Well, actually, Ludendorff arranged Tanneberg before the arrival of reinforcements from the Western Front. Yes, these are the problems of the Germans, but still.
              It can also be recalled that the Germans held part of the forces against Antwerp, it cannot be said that one thing alone decided the outcome of the battle.
      2. Kronos
        Kronos 13 June 2020 12: 54
        +2
        Everything has long been explained - in 1 world the French lost too many repetitions of this they did not want
      3. Alf
        Alf 13 June 2020 20: 05
        +9
        Quote: Ragnar Lothbrok
        I, too, cannot find any logical explanation for myself ... Not so much time has passed, but like heaven and earth France in these two wars ...

        The famous French idea of ​​the end of the 30s — Let us be better conquered than Verdun again. They broke morally, taking a sip of dirt and blood in the war.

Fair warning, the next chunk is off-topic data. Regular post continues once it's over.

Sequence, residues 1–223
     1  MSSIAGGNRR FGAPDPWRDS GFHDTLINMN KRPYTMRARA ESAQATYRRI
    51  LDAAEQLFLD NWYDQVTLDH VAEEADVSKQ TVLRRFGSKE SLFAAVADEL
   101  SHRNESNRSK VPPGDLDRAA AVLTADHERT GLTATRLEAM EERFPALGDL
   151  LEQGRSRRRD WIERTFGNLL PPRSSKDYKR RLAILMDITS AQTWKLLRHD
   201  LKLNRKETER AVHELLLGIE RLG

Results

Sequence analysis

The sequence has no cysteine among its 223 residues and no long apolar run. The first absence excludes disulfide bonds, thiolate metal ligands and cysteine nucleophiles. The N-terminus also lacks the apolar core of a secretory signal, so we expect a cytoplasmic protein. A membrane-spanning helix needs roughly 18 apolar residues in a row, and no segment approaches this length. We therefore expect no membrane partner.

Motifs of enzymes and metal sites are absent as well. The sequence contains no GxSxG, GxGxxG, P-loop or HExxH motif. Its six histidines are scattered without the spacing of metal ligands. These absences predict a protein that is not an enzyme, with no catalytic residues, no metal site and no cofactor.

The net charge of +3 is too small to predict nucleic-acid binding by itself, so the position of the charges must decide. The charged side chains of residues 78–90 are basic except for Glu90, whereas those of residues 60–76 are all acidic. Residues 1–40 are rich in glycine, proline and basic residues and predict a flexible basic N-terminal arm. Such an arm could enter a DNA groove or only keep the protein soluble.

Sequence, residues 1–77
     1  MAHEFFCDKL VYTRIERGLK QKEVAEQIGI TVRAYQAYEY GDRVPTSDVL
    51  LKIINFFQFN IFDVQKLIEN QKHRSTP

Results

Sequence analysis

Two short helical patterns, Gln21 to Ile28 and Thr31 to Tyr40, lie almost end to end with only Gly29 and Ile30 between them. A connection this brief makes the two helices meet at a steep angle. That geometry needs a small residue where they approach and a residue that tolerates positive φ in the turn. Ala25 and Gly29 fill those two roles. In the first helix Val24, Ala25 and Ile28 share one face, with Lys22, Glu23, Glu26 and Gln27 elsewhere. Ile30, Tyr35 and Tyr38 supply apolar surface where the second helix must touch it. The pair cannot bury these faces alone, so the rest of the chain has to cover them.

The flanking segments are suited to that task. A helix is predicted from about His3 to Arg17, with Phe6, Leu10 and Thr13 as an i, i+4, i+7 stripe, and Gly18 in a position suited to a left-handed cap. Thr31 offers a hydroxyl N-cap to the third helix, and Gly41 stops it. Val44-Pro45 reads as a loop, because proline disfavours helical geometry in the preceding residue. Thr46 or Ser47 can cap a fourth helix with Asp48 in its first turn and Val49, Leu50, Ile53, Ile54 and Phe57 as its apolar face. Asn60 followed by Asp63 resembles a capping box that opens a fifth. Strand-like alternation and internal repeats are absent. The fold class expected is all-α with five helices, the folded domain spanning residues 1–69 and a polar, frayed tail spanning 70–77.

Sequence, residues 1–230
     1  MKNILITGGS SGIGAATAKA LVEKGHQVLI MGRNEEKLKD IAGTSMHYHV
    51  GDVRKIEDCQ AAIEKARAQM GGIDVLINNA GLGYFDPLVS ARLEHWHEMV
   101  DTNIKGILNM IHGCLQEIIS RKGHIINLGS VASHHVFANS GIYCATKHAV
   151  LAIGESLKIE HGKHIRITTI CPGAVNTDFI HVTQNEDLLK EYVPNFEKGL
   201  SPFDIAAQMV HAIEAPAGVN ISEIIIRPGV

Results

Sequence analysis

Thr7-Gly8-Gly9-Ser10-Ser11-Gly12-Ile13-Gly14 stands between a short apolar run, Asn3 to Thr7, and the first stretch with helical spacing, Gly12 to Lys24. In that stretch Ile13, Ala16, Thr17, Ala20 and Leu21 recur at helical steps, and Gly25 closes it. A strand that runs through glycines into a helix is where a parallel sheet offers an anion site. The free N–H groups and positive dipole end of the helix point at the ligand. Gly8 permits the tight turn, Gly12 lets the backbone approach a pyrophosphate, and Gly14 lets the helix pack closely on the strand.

4. unknown
        unknown 14 June 2020 06: 27
        +3
        The totem animal of France is the Goat.
        Any astrologer will tell that people born under this sign are categorically not recommended to engage in POLICY, COMMERCE and MILITARY AFFAIRS.
        Exceptions occur. But exceptions, not the rule.
        The countries of this totem animal are sausages constantly.
        In addition to France, this is Poland and independent Ukraine.
        In WWI, France had very strong allies, which, in many ways, helped her win.
    2. tihonmarine
      tihonmarine 13 June 2020 08: 05
      +3
      Quote: Olgovich
      As in the next, June 1941, the year was no longer France.

      And still she is not.
    3. Sugar Honeyovich
      Sugar Honeyovich 13 June 2020 15: 36
      +1
      Quote: Olgovich
      -there was no Russia this time, that’s the appropriate result

      But Russia offered ... to be. hi
    4. cat Rusich
      cat Rusich 13 June 2020 21: 20
      +5
      On December 19, 1939, the Supreme Council of Great Britain ordered the beginning of the development of operational plans for military action against the USSR. The French General Staff was developing a "Southern Plan" against the USSR. Read the article on VO "In the spring of 1940, England and France were preparing for a war against the USSR" (22.11.2010). At the beginning of 1940, France was preparing to fight the USSR - only Hitler "interfered" ...